But the lead developer of the program doesn’t work for any of these big names. He doesn’t even work for a tech company. His name is Chet Ramey, and he’s a coder at Case Western Reserve University in Cleveland. He works on Bash in his spare time.
‘Quite a Long Time’
In the late 1980s, Ramey took over from Brian Fox as the lead developer of Bash, and this September 12, he received an email from a security researcher named Stephane Chazelas that identified the Shellshock bug. It was a serious security vulnerability that the world learned about last week. Within hours, hackers had released code that could take over vulnerable machines and turn them into a malicious botnet.
Ramey doesn’t have access to the project’s source code revision logs dating back to the early ’90s, but he thinks that he probably wrote the buggy code himself, sometime around 1992. That would make it the oldest, significant-yet-unpatched bug what we’ve heard of here at WIRED. We checked with someone who would know—Purdue University Professor Eugene Spafford—and he couldn’t top it. “I can’t recall any others that were [unpatched] quite as long as this,” he says. “There are undoubtedly a number that have been out there longer, but the combination of age and potential impact would not be as large.”
But it’s a situation that feels eerily familiar to people familiar with Heartbleed, which was discovered in an widely used open-source project called OpenSSL.1 Like the OpenSSL software, Bash has never had a full-blown security audit, and it’s developed by a skeleton crew with virtually no financial support. That, unfortunately, is the story of the internet.
The Lie of ‘Many Eyes’
For Robert Graham, the CEO of consultancy Errata Security, Shellshock gives lie to a major tenet of open-source software: that open-source code permits “many eyes” to view and then fix bugs more quickly than proprietary software, where the code is kept out of view from most of the world. It’s an idea known as Linus’s Law. “If many eyes had been looking at bash over the past 25 years, these bugs would’ve been found a long time ago,” Graham wrote on his blog last week.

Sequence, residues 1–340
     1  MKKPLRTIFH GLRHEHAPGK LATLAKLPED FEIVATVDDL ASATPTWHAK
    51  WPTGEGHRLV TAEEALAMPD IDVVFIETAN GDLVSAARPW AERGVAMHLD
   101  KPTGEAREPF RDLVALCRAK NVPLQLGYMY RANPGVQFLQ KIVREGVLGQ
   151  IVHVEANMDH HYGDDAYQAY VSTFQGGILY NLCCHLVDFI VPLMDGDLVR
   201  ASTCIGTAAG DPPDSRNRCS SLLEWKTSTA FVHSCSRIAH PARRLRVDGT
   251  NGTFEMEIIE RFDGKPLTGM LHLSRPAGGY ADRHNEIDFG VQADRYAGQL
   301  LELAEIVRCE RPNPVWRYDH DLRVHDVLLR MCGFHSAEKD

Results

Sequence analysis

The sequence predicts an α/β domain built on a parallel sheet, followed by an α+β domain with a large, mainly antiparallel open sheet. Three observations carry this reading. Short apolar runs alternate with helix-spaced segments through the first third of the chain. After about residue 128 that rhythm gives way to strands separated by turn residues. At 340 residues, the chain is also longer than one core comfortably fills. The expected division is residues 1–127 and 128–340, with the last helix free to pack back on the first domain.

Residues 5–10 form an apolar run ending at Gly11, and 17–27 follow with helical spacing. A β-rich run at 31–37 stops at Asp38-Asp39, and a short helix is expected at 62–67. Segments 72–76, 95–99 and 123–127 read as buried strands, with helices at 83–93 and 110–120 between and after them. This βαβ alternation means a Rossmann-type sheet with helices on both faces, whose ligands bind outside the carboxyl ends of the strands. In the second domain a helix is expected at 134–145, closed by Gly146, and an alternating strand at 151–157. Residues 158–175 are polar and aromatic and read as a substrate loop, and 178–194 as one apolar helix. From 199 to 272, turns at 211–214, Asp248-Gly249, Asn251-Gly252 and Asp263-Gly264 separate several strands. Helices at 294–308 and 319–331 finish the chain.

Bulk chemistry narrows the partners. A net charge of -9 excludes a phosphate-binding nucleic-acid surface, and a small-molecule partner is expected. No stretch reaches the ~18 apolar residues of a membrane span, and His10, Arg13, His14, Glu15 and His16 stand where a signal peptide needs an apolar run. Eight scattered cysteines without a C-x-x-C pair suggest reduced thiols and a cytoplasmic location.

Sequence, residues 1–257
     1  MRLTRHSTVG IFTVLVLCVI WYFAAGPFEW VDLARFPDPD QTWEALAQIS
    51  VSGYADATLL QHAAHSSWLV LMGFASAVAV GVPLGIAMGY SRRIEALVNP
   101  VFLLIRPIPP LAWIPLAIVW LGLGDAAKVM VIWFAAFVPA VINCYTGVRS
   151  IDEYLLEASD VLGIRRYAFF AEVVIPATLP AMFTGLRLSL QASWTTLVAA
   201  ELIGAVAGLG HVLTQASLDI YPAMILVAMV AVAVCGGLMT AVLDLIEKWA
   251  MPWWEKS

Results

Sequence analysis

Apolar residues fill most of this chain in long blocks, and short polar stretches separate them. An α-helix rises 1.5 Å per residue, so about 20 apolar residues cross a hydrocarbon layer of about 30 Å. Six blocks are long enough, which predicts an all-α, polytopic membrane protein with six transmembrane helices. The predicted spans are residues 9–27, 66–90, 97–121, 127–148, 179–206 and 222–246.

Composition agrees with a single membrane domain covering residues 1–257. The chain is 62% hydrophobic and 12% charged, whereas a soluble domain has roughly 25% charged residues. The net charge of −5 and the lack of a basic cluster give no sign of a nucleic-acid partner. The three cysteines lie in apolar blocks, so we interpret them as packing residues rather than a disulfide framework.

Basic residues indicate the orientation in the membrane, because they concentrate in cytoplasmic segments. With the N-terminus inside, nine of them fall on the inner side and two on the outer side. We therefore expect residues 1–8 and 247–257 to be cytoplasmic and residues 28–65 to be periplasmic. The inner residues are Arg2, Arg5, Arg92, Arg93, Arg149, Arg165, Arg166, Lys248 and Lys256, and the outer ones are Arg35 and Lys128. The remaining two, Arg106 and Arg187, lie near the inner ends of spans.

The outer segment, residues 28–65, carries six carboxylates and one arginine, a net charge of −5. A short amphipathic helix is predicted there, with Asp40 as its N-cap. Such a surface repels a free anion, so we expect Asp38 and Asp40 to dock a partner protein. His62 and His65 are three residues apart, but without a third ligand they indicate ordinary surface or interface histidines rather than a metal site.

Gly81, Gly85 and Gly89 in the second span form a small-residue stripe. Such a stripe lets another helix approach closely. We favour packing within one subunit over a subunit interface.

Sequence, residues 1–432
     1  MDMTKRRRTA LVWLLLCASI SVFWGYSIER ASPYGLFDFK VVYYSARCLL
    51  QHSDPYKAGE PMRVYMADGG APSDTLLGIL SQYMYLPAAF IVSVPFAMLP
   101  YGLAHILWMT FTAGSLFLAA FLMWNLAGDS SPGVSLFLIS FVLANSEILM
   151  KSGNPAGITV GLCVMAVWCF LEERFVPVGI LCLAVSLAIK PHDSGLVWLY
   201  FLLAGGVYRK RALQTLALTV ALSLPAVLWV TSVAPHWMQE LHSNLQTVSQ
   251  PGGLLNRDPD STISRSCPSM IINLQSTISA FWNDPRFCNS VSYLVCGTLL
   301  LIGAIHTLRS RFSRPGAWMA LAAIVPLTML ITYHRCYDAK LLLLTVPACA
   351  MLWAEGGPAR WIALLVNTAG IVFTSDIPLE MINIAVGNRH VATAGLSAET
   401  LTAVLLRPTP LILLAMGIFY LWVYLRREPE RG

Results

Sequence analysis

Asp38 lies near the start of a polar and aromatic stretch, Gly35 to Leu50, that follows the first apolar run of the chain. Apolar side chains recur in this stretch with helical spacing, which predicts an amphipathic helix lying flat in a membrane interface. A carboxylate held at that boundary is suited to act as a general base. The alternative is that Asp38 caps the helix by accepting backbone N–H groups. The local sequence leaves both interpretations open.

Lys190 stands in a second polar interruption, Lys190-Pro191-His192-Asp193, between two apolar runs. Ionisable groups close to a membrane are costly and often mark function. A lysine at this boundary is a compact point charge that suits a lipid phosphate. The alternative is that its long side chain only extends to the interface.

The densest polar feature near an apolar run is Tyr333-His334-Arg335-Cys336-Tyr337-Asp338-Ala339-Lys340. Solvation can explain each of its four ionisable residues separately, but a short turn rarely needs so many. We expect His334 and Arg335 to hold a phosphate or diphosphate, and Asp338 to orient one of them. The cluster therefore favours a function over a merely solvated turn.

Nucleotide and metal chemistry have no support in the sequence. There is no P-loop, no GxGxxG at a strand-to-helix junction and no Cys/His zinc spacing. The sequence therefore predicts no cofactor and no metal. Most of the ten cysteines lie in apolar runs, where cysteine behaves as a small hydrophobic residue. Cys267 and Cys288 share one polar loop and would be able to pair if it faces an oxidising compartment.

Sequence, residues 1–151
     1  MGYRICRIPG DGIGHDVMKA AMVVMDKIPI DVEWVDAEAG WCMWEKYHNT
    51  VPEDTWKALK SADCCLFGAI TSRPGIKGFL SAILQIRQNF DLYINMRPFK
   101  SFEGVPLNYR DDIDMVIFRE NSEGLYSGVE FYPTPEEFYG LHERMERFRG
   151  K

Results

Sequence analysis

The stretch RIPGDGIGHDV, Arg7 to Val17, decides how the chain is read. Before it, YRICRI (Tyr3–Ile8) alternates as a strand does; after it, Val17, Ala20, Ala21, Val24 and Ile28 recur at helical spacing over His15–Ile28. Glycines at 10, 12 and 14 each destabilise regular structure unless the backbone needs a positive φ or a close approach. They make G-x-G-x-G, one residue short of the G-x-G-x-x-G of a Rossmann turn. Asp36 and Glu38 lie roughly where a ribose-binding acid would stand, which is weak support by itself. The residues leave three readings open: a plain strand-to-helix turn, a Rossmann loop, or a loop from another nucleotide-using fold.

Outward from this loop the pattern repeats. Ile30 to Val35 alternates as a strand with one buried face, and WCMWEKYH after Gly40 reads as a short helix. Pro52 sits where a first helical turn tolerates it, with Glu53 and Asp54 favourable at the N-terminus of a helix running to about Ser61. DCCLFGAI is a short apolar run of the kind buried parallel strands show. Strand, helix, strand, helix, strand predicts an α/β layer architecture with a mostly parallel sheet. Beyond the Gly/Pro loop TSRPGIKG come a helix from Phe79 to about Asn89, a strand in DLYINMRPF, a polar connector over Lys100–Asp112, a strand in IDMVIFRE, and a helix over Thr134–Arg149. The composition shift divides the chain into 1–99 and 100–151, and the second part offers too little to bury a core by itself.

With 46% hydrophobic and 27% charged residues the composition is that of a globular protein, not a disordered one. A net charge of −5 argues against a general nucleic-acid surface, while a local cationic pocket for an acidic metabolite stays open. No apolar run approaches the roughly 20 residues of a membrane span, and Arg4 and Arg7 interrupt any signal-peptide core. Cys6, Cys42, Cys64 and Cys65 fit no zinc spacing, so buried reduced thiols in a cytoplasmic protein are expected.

Linus Torvalds—the guy that Linus’s Law is named after and the guy who created the Linux operating system—says that the idea still stands. But the fallacy is the idea that all open-source projects have many eyes. “[T]here’s a lot of code that doesn’t actually get very many eyes at all,” he says. “And a lot of open-source projects don’t actually have all that many developers involved, even when they are fairly core.”
This kind of issue comes up with any software code—whether it’s open source or not. After all, it’s even harder to tell how many bugs like this may lurk in closed-source software such as Oracle’s database. About a decade ago, Microsoft faced serious security problem because parts of its software weren’t properly audited. But after the Blaster worm tore though systems running Microsoft’s Windows operating system in 2003, the company made security audits a priority. Over the course of the next decade, it improved the standards of its code. Microsoft spent millions on security audits and it hired white-hat hackers, called pen testers, to test out its software. Now, the open source community is starting to do the same thing.
This May, not long after the public first learned about the Heartbleed vulnerability, the Linux Foundation amassed a $6 million war chest to shore up the security on a few widely used open source projects, including OpenSSL, OpenSSH, and the Network Time Protocol. But Bash wasn’t on the list. “This was not predicted,” says Jim Zemlin, the Foundation’s executive director. “But certainly, my guys are reaching out to those folks to see how we can help as we speak.”
That’s all well and good. But the trick is to shore up the internet before the bugs are found. Hopefully, the Linux Foundation—and the Googles and the Facebooks—can do so.
Even with Shellshock, Brian Fox is still proud of the project he once drove across the country. “It’s been 27 years of that software being out there before a bug was found,” he says. “That’s a pretty impressive ratio of usage to bugs found.”